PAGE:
Monday, June 28, 2010

38. Joseph of the West

This is Chapter 38 from the revised online version of The Republic of Rumi: a Novel of Reality.

Poets, thinkers and leaders of the West appear from an Eastern point of view in the gallery called the Western Images – John Locke, Immanuel Kant, Friedrich Hegel, Karl Marx, Schopenhauer, Friedrich Nietzsche, Leo Tolstoy, Petofi, Henri Bergson, Albert Einstein, Kaiser Wilhelm, Vladimir Lenin and many more.

Past and present merge, and so do East and West. Western philosophers hold conversations with ancient Persians like the anarchist Mazdak and the stonecutter Farhad. Rumi debunks the philosophy of Hegel and the manipulative positivism of the French philosopher August Comte is shred to pieces by the plain common sense of an unschooled worker. In yet another corner, the poets Robert Browning and Lord Byron from England are exchanging autobiographical reflections with Mirza Ghalib of India and Rumi. Perhaps the most remarkable is a meeting between Goethe and Rumi in a corner of Paradise.
Jalal and Goethe
The playwright and the director come to a compromise at presenting something that is entertaining as well as thoughtful: Faust, a tragedy in two parts. It opens in Heaven where the Devil, as Mephistopheles, lays wager with God that the pious Doctor Faust shall end up in hell.
Faust agrees to give his soul to Mephistopheles in exchange for a moment so fair that Faust should wish it to last.
This is difficult because Faust is insatiable. He ends up seducing his beloved Margaret a.k.a. Gretchen and ruining her life (although her soul is also saved by Divine Grace). He summons the spirit of Helen of Troy, provides advice to monarchs and goes on to launch voyages of discovery which unfortunately turn into colonialism – “then commerce, war and piracy are three in one and cannot be parted.”
Undeterred, Faust plans to reconstruct the world as a veritable paradise that shall have no traces of violence that is one of the undesirable remnants of the ancient world. Mephistopheles gets his chance of claiming the soul of Faust when the hero, while visualizing the perfect world of his own creation in the future, declares that such will be the moment to which he might say, “Abide, you are so fair!”
Mephistopheles still loses the wager because Faust only declared his intention of wanting a moment to last but such a moment did not arrive actually.
Rumi offers feedback to Goethe on his masterpiece. “Your thought has made its home in the inner recesses of the heart and created this old world anew," says Rumi to the German poet-thinker. "He who is blessed and is a confidant, knows that cunning comes from the Devil and love from the human being.”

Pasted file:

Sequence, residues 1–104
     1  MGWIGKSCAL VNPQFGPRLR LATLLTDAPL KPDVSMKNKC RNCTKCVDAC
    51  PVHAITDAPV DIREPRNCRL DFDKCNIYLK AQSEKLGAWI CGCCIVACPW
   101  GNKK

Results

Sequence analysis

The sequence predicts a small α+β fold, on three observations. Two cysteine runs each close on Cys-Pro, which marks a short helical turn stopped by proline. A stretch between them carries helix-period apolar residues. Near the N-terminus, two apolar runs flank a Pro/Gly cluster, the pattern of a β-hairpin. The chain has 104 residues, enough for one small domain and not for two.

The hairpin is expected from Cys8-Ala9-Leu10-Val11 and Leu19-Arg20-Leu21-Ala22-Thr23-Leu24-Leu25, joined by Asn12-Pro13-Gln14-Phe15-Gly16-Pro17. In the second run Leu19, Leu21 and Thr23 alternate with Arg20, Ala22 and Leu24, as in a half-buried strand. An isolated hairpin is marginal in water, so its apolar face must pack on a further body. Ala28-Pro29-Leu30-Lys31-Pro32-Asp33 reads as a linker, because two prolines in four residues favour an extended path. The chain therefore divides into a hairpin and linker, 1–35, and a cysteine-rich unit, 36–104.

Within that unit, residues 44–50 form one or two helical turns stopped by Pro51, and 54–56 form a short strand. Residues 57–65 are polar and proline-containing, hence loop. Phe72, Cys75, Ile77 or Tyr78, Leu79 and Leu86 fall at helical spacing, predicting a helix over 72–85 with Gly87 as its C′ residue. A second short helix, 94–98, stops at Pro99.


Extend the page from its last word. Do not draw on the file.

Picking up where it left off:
Is it because of Joseph of the West that such a world has become possible where East should meet West in this manner?

Wednesday, June 23, 2010

Conspiracy theory against Pakistan's national anthem

Recently a conspiracy theory was floated from the Indian side with reference to the poet-scholar Jagan Nath Azad who died in 2004. Chandra Azad, reportedly the dead poet’s son, claimed that the poet mentioned to him that he was summoned by Quaid-i-Azam Muhammad Ali Jinnah just before independence and asked to write the national anthem of Pakistan, which got written and adopted, and kept being played from Radio Pakistan until the death of Jinnah, after which it was dropped because the author was non-Muslim.

The exponents did not produce any evidence but the theory still got presented as established fact in Humsafar, the glossy magazine of Pakistan International Airlines! (Yeah, great people to fly with). Soon it was all over the place, of course including the Wikipedia entry on Pakistan’s national anthem (modified since then) and also on some allegedly Pakistani blogs by alleged Pakistanis).

I was among those who were approached by friends and students for expert opinion. I could only say that it was mere gossip until some evidence was presented, and I was not comfortable discussing hearsay.

Dr. Safdar Mahmood has now done thorough investigation on the matter, for which the nation owes him gratitude. Painstakingly, he has gone through records of Jinnah’s visitors, lists of radio broadcasts and newspapers of the era as well as biographical material about the poet himself. He found no evidence that the poet ever met Jinnah, and some evidence to show that he definitely didn’t meet Jinnah in the initial days of the country’s existence. No national anthem was ever mentioned in any newspaper or contemporary record prior to the adoption of the present one at a much later date. His valuable article is available online (in Urdu).

May we expect that Pakistani writers who inadvertently became used in this dirty conspiracy against the nation’s self-image will now correct their error? They can also make some compensation by mentioning that Pakistan is proud of its national anthem, written by Hafeez Jallundhri, a poet loved by the masses, and the hymn which he wrote in honor of Lord Krishna used to be sung in the temples of Varanasi (Benaras) in the late 1920s, before the pundits decided that poetry written by a non-Hindu could not be given that place.